And at night even if it was just us, a fire made the whole space incredibly cozy:

We'll have a few more tune-ups to do before we set sail and beckon a new family in. I will post those pictures in a few weeks time as they are ready.

For now, I will love this house just a little bit longer and work to have it finished.

To read more about this house and see more pictures check out these posts and these.

                                         All my best to everyone

                                                            ~ Marica

This post was inspired by Compass's"Starter Stories Project". They asked me to write about my first home, which, anyone who has followed my blog would know is a very irresistible subject for me. Thanks for reading. 

Tuesday, May 12, 2015

Bits of these days…

May happened so fast, is it true we almost have made it through half this year already? It surely doesn't feel possible. May has brought many hot days. I feel like I should embrace them, but instead I still detest too much sun. 

Our little neighborhood here hosts an annul parade. Exactly one year ago Sunday, the pie-truck opened during the festivities of this yearly event.

This year we're far more experienced and no longer the newbies on the block. The pie-truck has had a good year. Winter was harsh, so harsh I often began to think we were nutty dimwits for opening the whole pie deal, but as weather warms and rain becomes an occasional treat, the pie patrons are returning. As well as the resurgence of orders for salad… 

Lazy afternoon naps are something I cherish as often as possible, especially since 
my schedule has returned to morning til night; it's all pie, all the live long day. 

Fittingly I must sing; in the tune of I've been working on the rail road:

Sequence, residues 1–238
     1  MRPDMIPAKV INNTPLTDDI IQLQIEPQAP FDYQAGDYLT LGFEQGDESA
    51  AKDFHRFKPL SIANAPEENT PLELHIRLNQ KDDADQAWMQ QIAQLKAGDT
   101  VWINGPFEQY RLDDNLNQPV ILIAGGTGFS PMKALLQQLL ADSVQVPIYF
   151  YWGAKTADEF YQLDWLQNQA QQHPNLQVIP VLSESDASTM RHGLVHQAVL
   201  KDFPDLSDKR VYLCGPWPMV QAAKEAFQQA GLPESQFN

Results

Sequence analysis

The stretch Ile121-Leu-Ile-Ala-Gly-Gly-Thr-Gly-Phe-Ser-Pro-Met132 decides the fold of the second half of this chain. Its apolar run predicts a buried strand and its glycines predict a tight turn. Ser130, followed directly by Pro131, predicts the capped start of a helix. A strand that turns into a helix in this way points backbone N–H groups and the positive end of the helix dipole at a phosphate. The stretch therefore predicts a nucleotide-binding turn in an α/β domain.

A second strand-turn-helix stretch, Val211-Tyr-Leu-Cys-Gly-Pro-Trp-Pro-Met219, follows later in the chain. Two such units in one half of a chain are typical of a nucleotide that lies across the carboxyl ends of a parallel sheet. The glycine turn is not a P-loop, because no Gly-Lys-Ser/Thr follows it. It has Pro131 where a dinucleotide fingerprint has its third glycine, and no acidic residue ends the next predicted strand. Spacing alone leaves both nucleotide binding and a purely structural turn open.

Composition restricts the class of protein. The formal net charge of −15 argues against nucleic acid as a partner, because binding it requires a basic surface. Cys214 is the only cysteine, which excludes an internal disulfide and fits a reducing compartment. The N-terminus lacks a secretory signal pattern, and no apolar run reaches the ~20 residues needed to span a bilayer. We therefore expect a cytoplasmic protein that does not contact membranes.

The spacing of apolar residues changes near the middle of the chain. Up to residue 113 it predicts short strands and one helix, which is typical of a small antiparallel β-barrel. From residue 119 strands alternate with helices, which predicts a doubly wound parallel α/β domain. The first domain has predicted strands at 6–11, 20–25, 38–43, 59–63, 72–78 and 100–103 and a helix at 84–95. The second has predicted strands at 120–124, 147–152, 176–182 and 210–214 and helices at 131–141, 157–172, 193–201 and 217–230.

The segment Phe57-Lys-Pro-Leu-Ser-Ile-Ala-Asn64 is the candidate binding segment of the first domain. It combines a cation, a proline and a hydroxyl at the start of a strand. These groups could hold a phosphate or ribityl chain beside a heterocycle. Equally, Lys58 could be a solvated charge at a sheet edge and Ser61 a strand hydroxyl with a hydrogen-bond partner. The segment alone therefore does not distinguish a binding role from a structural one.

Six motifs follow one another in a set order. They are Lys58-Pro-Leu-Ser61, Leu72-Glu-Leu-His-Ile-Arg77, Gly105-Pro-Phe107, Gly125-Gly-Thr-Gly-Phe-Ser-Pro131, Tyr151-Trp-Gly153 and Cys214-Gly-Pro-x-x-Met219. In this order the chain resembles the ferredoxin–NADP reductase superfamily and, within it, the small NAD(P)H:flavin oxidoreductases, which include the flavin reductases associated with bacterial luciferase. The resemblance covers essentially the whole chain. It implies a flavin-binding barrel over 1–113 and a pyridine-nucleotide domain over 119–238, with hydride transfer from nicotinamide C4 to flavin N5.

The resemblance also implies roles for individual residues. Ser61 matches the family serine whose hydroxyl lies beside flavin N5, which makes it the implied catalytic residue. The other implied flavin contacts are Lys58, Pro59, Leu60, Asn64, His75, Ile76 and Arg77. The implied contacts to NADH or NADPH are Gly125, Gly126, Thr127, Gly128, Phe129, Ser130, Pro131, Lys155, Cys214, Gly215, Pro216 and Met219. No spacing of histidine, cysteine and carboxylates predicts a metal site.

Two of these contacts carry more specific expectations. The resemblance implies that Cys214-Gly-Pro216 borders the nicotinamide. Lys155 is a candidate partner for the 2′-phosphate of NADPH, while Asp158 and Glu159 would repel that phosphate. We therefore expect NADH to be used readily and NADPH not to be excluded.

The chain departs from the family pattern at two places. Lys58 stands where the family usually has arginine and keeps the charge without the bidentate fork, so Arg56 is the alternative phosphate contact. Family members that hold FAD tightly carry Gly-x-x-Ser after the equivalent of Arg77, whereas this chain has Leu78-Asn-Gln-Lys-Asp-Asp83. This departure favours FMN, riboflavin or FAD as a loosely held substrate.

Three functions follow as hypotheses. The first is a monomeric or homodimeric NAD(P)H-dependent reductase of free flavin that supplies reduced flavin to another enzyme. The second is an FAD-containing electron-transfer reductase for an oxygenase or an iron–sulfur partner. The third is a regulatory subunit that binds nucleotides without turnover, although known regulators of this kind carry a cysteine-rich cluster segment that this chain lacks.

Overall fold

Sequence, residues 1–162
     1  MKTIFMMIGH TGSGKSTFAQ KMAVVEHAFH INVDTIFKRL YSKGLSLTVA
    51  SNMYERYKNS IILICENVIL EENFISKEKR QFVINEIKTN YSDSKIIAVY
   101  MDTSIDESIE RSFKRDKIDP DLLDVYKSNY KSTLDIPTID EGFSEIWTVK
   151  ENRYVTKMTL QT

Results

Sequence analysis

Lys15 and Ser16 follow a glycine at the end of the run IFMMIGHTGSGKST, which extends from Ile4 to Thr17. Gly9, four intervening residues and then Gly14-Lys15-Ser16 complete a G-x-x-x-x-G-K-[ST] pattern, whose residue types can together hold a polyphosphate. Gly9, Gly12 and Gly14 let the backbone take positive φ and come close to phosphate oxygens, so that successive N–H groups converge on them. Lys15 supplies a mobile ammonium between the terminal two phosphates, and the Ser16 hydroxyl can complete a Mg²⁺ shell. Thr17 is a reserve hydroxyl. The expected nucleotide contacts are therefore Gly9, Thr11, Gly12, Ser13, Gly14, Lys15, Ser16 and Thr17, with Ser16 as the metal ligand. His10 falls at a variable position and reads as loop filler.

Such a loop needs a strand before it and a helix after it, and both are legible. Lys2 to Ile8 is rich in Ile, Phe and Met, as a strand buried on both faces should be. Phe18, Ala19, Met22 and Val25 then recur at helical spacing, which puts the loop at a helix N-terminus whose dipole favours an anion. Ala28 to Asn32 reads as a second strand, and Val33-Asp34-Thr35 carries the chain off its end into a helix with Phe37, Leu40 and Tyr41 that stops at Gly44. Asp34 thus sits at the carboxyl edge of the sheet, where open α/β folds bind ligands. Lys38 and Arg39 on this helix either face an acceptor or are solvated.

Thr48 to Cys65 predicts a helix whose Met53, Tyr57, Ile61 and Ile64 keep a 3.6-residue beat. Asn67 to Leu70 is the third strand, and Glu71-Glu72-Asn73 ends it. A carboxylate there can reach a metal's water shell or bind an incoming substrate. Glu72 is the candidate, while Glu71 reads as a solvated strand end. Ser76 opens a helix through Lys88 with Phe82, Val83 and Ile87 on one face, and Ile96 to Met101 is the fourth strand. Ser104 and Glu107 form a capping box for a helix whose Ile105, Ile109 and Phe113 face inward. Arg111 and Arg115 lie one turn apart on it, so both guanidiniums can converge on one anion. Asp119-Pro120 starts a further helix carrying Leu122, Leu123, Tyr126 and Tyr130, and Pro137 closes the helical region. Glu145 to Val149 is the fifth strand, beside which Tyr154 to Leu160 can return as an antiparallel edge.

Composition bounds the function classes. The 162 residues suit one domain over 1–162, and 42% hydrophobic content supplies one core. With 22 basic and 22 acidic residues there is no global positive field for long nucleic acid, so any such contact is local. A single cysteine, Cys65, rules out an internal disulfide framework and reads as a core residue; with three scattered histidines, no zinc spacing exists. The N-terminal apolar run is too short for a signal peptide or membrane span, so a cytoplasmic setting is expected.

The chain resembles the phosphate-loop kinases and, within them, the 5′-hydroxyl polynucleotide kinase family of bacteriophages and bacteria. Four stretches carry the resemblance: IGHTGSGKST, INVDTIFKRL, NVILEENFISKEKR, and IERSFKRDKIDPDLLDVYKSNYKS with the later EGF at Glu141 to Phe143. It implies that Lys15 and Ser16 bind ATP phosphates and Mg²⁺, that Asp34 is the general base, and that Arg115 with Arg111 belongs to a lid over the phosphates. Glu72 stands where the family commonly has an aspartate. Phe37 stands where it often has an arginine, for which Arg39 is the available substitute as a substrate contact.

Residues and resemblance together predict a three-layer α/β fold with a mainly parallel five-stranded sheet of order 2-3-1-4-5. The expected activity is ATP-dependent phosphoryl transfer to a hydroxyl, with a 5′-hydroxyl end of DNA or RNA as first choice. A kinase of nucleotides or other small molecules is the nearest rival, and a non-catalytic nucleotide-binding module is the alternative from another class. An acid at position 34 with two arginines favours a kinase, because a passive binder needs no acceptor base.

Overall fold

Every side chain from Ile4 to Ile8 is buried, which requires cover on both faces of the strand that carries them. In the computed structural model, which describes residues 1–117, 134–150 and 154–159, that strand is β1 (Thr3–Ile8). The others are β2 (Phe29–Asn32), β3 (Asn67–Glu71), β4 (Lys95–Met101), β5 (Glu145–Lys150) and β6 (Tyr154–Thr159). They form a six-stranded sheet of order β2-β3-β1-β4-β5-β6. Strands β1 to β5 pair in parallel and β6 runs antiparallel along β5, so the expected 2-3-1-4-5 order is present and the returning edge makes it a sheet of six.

I've been working in a pie truck
All the live long day

I've been working in a pie truck
Just to pass the time away ay-ay-ay

Can't your hear the timer blaring
Biscuits out to cool

Now the customers awaiting
There's still more dough to roll

Paiku won't you roll
Paiku won't you roll
Paiku won't you roll the dough ho-ho-ho

Paiku won't you roll
Paiku won't you roll
Paiku won't you roll the dough

Someone's in the kitchen at Paiku
Someone's in the kitchen I know oh-oh-oh
Someones in the kitchen at Paiku
Rollin' out the ol' pie dough

And singing

Fee-fi-roll out the dough
Fee-fi-filly-i-roll that dough-ho
Rollin' out the old pie dough

Other bits of non pie life:

                                                   I hope everyone had a tremendous Mother's Day!
                                                                          All my best and many cheers ~

Friday, May 8, 2015

Meet Tallula

Oh dear, I couldn't help myself—again—we got a new puppy. But at least this time it was premeditated. We had been rolling it around in our thoughts; would it be foolish, a good idea? Yes, we decided, it is both foolish and a good idea, but more of a good idea. So without further adieu, meet our newest member of the family, Tallula:

She is the sweetest, gentlest, most elegant, delicate husky mix. She already knows we are her family and follows close at our heels everywhere we go. She felt like a perfect addition as I snuggle her to sleep last night in my bed. I stayed half awake all night, holding my hand on her wiry little body; so much like when you have that new-born and you want to keep tabs at all times. I can't believe I forgot what little babies puppies really are, but I surely remember now after being up at 5:00am to take her out to pee, only to have her pee on the floor just a little bit later.